How to Grow and Care for Manfreda
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Manfreda is a genus of flowering plants in the family Asparagaceae. Some authorities place Manfreda in genus Polianthes, while others group place both genera in Agave. The generic name honors 14th-century Italian writer Manfredus de Monte Imperiale.
There are 28 species of Manfreda, distributed from South-eastern and South Texas, Eastern Mexico and Guatemala. These succulent plants are small and stemless or with a short stem. The fleshy leaves form a loose rosette. Leaf edges are smooth or have very small teeth and there are no terminal spines. The relatively tall inflorescence carries fragrant tubular flowers.
The Spotted Manfreda, also called Texas Tuberose (Manfreda maculosa) is notable for having silvery-green leaves covered with purple spots and is a popular xeriscape plant in the Southwest United States.
Manfreda species contain saponins that were used as detergents and were traditionally used as remedies against snake bite. While efficacy against snakebite is doubtful, it is just about possible that the soapy content could help to inactivate the toxic enzymes in some snake venoms.
Photo via actaplantarum.org
Growing Conditions and General Care
Manfreda is a tender perennial or "temperennial" succulent plant that grows best in full sun. Plant in well-drained, dry to average soil in containers just slightly wider than the width of the rosette or plant directly in the ground. Since the plant has a rather large root system, the container should be at least 12 inches (30 cm) deep. Manfreda is a slower grower, so it will not quickly overtake the space it is allotted in the landscape.
In summer when the plants are actively growing, they appreciate a bit of supplemental watering and half-strength fertilizer. During the winter months, the plants should be allowed to dry and should be stored in a cold room at 48°F (9° C). Plants are watered only enough to keep the foliage from shriveling.
Manfredas are propagated by the removal of offsets and from fresh seed. Fresh seed germinate in 7- 21 days at 68 to 72 °F (19 to 22 °C).
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How to Grow Mangave Plants
Growing mangaves are low maintenance, drought tolerant and often a perfect focal point in the landscape. Colors change and become more vibrant with sun. Make sure to give them plenty of room to grow in all directions when you plant.
Several types have emerged from these crosses featuring stripes, red freckles and different leaf edges. Some of these include:
- ‘Inkblot’ – A wide, low-growing type with draping leaves spotted with manfreda freckles.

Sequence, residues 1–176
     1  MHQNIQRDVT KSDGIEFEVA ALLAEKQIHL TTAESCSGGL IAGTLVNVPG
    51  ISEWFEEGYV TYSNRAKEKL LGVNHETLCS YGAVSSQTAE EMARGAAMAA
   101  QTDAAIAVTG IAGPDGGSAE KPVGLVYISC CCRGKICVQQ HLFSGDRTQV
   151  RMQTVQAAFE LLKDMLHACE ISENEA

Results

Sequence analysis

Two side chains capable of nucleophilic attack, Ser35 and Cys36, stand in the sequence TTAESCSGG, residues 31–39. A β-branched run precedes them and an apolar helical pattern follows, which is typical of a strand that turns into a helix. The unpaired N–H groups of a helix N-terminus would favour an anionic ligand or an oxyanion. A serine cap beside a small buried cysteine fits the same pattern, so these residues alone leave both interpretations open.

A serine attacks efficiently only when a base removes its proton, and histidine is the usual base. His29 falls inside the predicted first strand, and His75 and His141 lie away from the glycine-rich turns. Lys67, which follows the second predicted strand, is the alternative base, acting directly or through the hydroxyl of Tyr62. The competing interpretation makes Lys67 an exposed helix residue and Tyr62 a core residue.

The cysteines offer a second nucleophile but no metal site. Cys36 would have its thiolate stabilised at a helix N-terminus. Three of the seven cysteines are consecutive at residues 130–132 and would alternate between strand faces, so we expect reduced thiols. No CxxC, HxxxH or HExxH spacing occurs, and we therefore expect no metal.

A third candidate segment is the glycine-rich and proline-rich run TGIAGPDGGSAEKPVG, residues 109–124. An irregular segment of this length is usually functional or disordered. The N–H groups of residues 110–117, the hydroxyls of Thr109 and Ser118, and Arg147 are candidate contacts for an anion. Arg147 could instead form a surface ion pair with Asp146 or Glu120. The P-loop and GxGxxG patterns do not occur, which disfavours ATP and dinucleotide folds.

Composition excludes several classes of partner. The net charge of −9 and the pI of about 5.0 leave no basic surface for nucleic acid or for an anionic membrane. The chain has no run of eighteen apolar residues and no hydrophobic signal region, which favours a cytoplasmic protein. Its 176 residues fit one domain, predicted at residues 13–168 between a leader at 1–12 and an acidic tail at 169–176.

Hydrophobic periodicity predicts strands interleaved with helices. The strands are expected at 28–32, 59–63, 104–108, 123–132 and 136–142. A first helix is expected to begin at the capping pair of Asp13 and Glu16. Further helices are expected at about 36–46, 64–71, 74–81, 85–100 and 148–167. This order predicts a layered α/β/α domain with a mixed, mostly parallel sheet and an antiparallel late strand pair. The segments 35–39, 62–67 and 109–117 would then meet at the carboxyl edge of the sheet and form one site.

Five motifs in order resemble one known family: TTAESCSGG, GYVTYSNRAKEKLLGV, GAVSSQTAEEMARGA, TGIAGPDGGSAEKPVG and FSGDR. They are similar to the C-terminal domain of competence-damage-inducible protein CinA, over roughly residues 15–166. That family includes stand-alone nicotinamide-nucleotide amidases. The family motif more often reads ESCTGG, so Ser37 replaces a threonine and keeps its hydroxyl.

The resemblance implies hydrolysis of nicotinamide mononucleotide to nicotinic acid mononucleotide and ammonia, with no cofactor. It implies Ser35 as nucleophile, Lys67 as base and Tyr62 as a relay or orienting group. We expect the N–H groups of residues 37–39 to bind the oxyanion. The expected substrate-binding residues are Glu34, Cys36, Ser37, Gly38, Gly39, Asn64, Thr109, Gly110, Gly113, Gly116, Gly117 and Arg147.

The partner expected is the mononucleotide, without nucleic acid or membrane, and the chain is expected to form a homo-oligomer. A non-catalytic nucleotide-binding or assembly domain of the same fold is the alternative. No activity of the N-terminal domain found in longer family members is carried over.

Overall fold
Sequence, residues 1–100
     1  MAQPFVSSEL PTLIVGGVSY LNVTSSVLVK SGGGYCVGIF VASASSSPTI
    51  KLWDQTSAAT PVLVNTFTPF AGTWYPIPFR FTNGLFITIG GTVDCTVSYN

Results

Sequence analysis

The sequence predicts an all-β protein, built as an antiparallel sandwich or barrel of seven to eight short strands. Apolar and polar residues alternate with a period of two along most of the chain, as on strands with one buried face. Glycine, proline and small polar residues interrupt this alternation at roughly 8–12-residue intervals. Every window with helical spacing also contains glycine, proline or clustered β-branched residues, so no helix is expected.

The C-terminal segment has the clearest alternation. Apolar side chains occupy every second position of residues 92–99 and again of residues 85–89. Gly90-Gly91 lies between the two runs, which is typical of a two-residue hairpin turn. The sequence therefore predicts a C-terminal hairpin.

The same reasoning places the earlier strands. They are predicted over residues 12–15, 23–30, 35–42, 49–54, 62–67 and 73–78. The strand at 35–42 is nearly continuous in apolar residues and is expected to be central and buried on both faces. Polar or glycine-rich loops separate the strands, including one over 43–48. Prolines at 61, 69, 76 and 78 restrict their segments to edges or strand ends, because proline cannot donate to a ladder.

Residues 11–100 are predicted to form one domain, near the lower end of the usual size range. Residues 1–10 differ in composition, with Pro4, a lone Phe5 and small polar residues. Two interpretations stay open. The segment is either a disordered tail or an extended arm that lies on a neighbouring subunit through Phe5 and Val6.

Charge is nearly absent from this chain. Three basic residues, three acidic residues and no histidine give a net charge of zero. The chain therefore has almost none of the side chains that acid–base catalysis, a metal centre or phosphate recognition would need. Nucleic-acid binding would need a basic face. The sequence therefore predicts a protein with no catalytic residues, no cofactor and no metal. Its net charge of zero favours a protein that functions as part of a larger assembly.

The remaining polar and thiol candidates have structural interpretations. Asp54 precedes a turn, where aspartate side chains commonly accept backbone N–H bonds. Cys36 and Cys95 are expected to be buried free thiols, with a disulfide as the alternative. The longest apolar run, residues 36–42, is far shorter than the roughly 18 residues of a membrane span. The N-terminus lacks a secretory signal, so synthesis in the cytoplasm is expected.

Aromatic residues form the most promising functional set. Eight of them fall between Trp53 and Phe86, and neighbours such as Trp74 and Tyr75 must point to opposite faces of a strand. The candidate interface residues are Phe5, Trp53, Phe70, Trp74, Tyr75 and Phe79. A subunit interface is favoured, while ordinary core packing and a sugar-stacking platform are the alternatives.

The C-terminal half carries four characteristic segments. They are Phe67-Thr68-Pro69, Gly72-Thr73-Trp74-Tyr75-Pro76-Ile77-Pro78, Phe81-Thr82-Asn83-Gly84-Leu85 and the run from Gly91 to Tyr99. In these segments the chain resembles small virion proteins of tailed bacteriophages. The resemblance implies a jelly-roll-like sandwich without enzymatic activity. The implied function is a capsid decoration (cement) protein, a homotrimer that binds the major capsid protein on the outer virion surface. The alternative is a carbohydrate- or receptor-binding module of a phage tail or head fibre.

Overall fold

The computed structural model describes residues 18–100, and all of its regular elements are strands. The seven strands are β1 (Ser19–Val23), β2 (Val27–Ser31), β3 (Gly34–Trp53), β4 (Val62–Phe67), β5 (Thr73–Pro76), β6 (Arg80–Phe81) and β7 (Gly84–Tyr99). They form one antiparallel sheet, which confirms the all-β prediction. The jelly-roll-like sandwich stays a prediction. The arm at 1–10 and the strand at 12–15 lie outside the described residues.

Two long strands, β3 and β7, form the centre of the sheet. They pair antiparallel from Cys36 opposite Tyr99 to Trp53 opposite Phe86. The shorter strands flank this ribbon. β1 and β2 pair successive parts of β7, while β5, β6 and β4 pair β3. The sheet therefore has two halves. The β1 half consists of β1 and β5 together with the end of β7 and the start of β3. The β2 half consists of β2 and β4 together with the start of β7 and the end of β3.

- ‘Freckles and Speckles’ – Serrated green leaves with a lilac overlay, also covered with red spots and freckles with rose terminal spines.
- ‘Bad Hair Day’ – Leaves stream outward narrow, flat and green with a red blush extending out and expanding near the tips.
- ‘Blue Dart’ – Leaves look more like the agave parent, with a bluish green and silvery coating. This is a small to medium plant with brown-tipped leaves.
- ‘Catch a Wave’ – Darker green, pointy leaves covered with the manfreda spotting.
If you decide to give these new plants a try, mangave may be planted into landscape beds. Grown in USDA zones 4 through 8, this plant can take more cold than many succulents and more water too.
Those with extremely cold winters may grow them in large containers to enable winter protection. Whichever way you choose to grow them, make sure to plant into well-draining, amended succulent soil several inches down. Plant into a full morning sun area.
Now that you’ve learned how to grow mangaves, plant some of the new crosses this gardening season.
Manfreda undulata a.k.a. Chocolate Chip or False Agave is an interesting looking succulent plant. Manfredas are closely related to agaves and like agaves, they form rosettes and their flowers appear at the end of a long stalk. Interestingly enough, Manfredas are deciduous (they lose their leaves in the winter) and polycarpic (they don’t die after flowering).
Manfreda undulate plants are among the best Manfreda cultivars as they have beautifully spotted leaves with pronounced wavy leaf margins. The remarkable foliage is the real reason for growing ‘Chocolate Chips’ Manfreda, which is a small, low-growing plant. So, if you were looking for a plant that will look great when planted in a small container, a Manfreda undulate is a perfect choice.
Are you growing Manfreda undulate plants? Share your experience with us in the comments!